“Bits and pieces of me have rolled off and been lost along the way. They have rolled off down this mountain someplace until there is not much left but a dried-up husk, with me leeched out by hard work and babies.”
-Ivy Rowe, protagonist of Lee Smith’s achingly poignant novel, Fair and Tender Ladies
These past ten, almost eleven, years of motherhood have altered me.
Some days, I side with Ivy, and despair that the years have devoured all parts of me that used to be intelligent and interesting and fun. Caught red-handed discussing bowel movements and household products, I’m the guilty one. The verdict echoes down the hallways of nothingness. We, the jury, find the defendant, Jennifer Pollock Michel, guilty of BANALITY.
On better days, I remember that these years become what I make of them. The fabric of my days and years, in His hands, has all the potential for becoming something breathtaking. The final chapter is not yet written, and I’m pulsing with capacities and curiosities.
It’s not true that motherhood is only exhausting and depleting, a season to be suffered bitterly, until FINALLY the children go to school, or college, or get married.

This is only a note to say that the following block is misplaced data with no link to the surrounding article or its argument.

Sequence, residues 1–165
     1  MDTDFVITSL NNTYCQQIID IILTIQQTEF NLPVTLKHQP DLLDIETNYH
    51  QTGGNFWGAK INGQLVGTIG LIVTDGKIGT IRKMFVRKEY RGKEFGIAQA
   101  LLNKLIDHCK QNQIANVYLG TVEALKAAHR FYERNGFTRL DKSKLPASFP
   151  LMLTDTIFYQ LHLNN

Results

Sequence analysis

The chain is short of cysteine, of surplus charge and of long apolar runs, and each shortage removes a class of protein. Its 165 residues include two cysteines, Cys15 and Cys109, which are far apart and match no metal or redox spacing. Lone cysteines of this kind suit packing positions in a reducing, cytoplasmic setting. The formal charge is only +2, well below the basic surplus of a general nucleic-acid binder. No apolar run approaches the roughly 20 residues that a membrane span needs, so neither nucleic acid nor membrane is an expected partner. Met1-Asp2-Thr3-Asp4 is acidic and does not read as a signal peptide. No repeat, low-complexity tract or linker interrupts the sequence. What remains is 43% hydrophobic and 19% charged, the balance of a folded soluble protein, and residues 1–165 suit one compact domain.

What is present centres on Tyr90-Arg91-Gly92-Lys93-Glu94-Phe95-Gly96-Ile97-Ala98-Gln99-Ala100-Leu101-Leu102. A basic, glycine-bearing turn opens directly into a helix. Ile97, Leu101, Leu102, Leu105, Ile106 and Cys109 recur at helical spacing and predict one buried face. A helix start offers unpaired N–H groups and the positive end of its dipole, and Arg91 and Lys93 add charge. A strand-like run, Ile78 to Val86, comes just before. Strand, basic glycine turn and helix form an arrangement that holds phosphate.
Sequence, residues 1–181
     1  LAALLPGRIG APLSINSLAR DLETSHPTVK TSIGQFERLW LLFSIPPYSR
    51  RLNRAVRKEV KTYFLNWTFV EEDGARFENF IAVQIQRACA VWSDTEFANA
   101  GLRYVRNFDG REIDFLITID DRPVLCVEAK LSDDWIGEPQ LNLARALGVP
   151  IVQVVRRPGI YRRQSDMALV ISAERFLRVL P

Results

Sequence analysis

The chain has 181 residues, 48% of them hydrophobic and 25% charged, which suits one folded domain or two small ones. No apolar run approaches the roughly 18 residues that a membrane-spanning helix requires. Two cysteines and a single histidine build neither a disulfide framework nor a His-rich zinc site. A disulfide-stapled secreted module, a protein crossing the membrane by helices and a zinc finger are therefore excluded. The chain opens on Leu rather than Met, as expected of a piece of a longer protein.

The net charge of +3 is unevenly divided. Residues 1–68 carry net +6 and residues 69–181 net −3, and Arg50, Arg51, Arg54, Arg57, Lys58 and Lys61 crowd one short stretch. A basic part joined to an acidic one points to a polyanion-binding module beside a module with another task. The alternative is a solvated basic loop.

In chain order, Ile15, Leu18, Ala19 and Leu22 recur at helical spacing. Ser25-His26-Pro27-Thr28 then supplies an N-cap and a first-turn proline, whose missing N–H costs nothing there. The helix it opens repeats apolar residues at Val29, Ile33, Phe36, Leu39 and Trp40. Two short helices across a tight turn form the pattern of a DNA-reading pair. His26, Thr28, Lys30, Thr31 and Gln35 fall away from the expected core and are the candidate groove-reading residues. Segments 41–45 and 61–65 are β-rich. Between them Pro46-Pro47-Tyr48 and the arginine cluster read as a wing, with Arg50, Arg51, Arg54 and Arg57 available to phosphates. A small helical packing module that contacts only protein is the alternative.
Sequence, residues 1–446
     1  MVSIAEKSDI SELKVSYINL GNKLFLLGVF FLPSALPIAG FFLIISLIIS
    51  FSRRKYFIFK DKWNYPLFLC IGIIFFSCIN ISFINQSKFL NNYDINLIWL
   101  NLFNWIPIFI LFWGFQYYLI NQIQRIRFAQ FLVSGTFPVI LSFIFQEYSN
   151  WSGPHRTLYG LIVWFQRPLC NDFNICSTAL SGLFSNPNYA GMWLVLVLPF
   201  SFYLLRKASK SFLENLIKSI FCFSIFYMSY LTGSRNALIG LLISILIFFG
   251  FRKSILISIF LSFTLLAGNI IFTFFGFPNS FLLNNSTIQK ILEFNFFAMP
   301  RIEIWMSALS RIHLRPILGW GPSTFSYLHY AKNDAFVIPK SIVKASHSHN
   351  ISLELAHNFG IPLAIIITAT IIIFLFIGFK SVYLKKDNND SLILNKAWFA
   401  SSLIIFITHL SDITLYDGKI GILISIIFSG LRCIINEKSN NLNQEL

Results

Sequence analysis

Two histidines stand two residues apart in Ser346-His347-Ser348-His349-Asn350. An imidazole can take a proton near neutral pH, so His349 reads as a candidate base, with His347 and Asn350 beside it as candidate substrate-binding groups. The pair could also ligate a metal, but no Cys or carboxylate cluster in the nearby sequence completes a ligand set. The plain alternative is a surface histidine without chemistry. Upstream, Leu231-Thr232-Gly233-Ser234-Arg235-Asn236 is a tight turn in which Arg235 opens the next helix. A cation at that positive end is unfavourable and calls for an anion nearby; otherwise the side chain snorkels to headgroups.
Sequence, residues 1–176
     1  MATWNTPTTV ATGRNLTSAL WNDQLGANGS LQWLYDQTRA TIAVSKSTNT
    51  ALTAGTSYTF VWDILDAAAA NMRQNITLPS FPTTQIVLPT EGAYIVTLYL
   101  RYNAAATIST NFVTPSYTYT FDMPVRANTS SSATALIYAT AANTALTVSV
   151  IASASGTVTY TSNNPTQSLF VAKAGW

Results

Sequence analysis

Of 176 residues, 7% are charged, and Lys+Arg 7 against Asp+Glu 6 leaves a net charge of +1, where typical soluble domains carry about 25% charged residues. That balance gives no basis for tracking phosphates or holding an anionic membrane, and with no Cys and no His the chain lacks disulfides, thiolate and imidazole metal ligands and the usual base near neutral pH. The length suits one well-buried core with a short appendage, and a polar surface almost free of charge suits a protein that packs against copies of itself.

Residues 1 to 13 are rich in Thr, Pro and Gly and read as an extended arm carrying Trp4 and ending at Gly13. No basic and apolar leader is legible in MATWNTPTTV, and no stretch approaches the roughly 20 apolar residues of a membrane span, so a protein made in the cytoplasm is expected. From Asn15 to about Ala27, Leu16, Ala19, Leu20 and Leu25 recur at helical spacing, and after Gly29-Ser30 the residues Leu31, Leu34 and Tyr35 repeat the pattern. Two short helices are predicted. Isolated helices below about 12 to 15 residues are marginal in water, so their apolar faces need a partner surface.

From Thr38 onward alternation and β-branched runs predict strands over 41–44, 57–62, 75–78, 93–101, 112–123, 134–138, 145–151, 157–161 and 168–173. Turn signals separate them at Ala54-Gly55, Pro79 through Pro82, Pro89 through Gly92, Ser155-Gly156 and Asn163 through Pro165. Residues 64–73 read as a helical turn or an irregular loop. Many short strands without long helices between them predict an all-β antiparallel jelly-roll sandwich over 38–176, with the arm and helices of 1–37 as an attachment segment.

I admit that motherhood has taken me by the toes, turned me upside down, and emptied me. Of illusions of being great and doing great things. Of my defiance of limits. Of that predictable temptation towards a center-stage kind of life and ministry. I’ve turned in my superwoman cape (or sparkly gold boots?) and are learning to content myself, not with greatness, but faithfulness.
“You’ve observed how godless rulers throw their weight around,” Jesus said, “and when people get a little power how quickly it goes to their heads. It’s not going to be that way with you. Whoever wants to be great must become a servant. Whoever wants to be first among you must be your slave. That is what the Son of Man has done: He came to serve, not to be served-and then to give away his life in exchange for many who are held hostage.” Mark 10:41-45
I’m following Him today in my ordinary moments.